Last week, while attending the Catholic Media Convention in Charlotte, N.C., I was lucky enough to catch “Freedom Riders” on my hotel room television set. This PBS documentary from 2012 tells the story of the brave Americans who in 1961 risked their lives just to travel together on buses and trains through the segregated Deep South.
I tuned in just in time to watch the interview with Jim Zwerg, one of a handful of white Christians who joined the nonviolent movement. At the bus terminal in Montgomery, Ala., he recalled, a racist mob knocked his teeth out and were about to kill him when a black man stepped in and ultimately saved his life.
In an interview in USA Today last year, Mr. Zwerg described what went through his head and heart as he was being beaten unconscious: “In that instant, I had the most incredible religious experience of my life. I felt a presence with me. A peace. Calmness. It was just like I was surrounded by kindness, love. I knew in that instance that whether I lived or died, I would be O.K.”
What a testament to the power of Christian faith, to the power of Christian witness! Like Jim Zwerg, many white Christians, including many white Catholics, joined the civil rights movement, speaking up on behalf of their black brothers and sisters. But not enough did.
Similarly, many Jesuits, including one of my predecessors as editor in chief, as well as many of the men who served on the editorial board of this review, also supported the civil rights movement, as you will see in these pages. But not enough did.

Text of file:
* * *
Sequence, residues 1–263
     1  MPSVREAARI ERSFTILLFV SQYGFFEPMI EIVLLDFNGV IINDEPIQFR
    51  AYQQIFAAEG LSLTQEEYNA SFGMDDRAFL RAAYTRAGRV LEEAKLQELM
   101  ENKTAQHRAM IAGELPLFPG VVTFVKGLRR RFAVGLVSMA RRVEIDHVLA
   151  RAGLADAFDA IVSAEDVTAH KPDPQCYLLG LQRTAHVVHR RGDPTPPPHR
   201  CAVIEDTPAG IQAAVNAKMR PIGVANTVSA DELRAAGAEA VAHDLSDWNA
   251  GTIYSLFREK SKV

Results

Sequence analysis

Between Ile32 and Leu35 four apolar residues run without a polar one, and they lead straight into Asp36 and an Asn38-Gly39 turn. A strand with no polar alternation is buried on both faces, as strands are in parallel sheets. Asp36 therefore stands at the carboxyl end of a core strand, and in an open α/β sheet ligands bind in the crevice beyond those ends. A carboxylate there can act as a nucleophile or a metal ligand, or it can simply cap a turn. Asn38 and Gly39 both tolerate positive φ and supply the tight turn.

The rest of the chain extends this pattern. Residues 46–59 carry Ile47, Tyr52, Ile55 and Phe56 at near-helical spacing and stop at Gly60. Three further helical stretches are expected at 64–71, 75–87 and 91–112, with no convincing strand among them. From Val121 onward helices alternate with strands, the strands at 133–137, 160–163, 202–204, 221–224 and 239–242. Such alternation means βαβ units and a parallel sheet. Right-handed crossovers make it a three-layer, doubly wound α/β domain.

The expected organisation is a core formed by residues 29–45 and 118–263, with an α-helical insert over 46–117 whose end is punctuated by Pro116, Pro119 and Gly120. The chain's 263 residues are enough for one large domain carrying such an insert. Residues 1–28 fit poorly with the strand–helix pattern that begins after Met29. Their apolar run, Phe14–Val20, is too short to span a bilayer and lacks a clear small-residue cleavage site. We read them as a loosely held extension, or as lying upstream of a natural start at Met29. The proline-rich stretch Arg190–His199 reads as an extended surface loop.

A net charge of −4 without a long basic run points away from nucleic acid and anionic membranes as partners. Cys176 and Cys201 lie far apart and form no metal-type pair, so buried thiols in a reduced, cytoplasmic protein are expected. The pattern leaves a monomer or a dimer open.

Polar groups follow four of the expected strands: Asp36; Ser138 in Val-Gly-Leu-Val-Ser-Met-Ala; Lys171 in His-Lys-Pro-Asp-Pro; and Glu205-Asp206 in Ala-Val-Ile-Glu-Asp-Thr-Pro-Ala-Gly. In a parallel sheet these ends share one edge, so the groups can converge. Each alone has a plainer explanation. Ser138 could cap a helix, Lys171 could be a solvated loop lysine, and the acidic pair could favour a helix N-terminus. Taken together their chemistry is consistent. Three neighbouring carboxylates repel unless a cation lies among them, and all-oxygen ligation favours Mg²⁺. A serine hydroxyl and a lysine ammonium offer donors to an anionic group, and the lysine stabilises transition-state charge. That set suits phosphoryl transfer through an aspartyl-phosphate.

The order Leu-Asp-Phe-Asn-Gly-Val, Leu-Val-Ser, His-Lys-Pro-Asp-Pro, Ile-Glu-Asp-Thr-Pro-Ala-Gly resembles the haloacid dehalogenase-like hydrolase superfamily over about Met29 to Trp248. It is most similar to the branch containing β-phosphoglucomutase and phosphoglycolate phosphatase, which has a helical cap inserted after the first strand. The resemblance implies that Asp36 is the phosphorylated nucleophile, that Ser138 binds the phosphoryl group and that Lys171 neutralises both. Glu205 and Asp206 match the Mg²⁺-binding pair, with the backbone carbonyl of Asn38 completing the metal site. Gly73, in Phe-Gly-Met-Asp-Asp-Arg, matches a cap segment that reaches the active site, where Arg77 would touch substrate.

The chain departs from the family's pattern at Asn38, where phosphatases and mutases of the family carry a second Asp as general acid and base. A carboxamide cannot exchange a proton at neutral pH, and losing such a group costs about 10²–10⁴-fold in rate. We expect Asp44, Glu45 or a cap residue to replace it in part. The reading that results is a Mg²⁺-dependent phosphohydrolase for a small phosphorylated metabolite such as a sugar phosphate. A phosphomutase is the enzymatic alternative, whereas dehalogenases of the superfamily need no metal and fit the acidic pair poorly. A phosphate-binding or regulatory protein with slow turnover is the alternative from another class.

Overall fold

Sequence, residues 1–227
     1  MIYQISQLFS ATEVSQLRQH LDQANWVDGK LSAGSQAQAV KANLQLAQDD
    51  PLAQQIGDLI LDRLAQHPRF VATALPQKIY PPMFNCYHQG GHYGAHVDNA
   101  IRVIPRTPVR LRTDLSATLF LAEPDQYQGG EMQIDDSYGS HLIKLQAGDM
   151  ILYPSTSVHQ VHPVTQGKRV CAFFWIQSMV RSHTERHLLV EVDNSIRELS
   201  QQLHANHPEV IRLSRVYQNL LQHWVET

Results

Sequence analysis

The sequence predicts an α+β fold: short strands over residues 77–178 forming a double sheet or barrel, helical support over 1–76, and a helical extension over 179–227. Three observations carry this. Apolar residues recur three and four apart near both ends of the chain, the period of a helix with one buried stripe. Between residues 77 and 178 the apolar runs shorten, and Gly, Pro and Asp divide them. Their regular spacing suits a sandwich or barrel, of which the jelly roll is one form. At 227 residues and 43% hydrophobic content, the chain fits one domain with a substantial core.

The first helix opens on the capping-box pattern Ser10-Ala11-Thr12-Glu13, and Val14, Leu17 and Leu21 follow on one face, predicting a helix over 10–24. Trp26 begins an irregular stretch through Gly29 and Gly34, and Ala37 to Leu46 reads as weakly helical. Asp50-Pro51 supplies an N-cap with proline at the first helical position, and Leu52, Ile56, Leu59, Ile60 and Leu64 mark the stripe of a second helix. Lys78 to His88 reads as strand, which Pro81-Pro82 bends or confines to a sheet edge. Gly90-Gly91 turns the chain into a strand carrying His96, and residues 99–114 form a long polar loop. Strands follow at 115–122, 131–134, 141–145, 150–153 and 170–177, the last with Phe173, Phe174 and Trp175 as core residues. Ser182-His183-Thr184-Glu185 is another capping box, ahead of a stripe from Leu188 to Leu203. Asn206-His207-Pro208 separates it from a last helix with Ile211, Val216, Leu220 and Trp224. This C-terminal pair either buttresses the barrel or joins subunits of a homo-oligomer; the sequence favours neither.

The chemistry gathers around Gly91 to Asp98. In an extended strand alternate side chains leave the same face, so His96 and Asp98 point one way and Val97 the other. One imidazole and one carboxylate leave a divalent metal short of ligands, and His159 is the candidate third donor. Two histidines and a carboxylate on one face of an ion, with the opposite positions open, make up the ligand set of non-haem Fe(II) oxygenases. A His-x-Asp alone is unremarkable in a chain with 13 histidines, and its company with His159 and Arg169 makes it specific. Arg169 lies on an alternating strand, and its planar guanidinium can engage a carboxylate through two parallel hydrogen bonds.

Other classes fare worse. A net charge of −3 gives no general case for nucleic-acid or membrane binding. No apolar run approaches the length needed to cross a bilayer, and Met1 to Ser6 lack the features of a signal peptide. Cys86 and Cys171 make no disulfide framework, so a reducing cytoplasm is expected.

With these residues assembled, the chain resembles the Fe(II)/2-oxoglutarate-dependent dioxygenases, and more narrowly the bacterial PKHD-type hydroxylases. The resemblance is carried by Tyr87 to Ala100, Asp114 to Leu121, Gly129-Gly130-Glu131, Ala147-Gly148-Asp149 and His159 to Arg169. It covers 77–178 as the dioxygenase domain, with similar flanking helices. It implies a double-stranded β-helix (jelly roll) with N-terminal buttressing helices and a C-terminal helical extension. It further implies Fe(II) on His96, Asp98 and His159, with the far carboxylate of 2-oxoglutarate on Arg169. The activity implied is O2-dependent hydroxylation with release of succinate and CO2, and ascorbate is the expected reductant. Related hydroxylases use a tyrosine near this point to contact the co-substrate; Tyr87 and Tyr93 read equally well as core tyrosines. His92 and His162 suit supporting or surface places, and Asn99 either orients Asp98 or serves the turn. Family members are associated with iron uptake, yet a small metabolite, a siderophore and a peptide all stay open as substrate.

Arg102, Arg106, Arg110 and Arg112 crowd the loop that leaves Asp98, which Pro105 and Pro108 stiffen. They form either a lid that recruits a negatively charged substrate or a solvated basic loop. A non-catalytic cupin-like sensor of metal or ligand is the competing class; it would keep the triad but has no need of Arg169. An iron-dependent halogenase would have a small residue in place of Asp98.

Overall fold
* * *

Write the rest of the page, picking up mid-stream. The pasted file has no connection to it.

As M. Shawn Copeland writes in this issue, “Too often, Christians not only failed to defy slavery and condemn tolerance of racism; they supported it and benefitted from these evils and ignored the very Gospel they had pledged to preach.”
True, Christian faith is no guarantee of personal perfection, and thank God that the hypocrisy of the messenger does not make the message false. Still, Christians have much to account for. I know I do.
I was born 11 years after the Freedom Riders, but I am also a product of a time and culture that was and remains anything but post-racial. And while I still have a lot to learn, I do know this: the notion that whites—even the most enlightened among us—“don’t see race” is ridiculous. It’s quite obviously the first thing that we see. I don’t forget that someone is black, any more than he or she forgets that I am white. That’s just something white people tell themselves in order to feel a little less complicit in the whole ghastly history of racial prejudice.
Like it or not, whites, like all of us of every race, are heirs to that history. I know I am: I recall as a young man being surprised and feeling ashamed when I impulsively and without thinking locked my car door as a black man approached. Where did that come from? It didn’t come from nowhere.
We all see race. The question is, What do we do when we see it? Do we openly acknowledge our history, our complicity, our shame, while not forgetting our triumphs and joys and especially our hopes for healing? Or do we just pretend that everything has changed, when in reality some important things have changed and some important things have not?
What we need is plenty of honest conversation, painful conversation about what we have done and what we have failed to do—not just between blacks and whites, or whites and Latinos, as important as these are, but also between whites and whites. It is our modest hope that this issue of America will contribute to such conversations.